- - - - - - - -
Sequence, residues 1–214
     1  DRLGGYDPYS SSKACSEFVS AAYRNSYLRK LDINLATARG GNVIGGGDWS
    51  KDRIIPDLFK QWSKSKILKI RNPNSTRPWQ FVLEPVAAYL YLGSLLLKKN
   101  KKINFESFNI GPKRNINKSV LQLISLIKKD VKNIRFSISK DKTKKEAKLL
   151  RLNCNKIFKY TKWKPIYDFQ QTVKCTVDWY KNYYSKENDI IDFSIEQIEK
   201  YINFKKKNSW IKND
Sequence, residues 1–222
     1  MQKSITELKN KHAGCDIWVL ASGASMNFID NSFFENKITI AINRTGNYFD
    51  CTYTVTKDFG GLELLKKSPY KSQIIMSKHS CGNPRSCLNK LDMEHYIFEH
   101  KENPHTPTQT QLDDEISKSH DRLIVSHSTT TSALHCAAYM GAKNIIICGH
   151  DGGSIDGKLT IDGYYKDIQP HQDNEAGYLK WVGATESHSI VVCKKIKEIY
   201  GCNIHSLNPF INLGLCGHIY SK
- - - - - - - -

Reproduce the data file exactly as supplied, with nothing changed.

Sequence, residues 1–214
     1  DRLGGYDPYS SSKACSEFVS AAYRNSYLRK LDINLATARG GNVIGGGDWS
    51  KDRIIPDLFK QWSKSKILKI RNPNSTRPWQ FVLEPVAAYL YLGSLLLKKN
   101  KKINFESFNI GPKRNINKSV LQLISLIKKD VKNIRFSISK DKTKKEAKLL
   151  RLNCNKIFKY TKWKPIYDFQ QTVKCTVDWY KNYYSKENDI IDFSIEQIEK
   201  YINFKKKNSW IKND
Sequence, residues 1–222
     1  MQKSITELKN KHAGCDIWVL ASGASMNFID NSFFENKITI AINRTGNYFD
    51  CTYTVTKDFG GLELLKKSPY KSQIIMSKHS CGNPRSCLNK LDMEHYIFEH
   101  KENPHTPTQT QLDDEISKSH DRLIVSHSTT TSALHCAAYM GAKNIIICGH
   151  DGGSIDGKLT IDGYYKDIQP HQDNEAGYLK WVGATESHSI VVCKKIKEIY
   201  GCNIHSLNPF INLGLCGHIY SK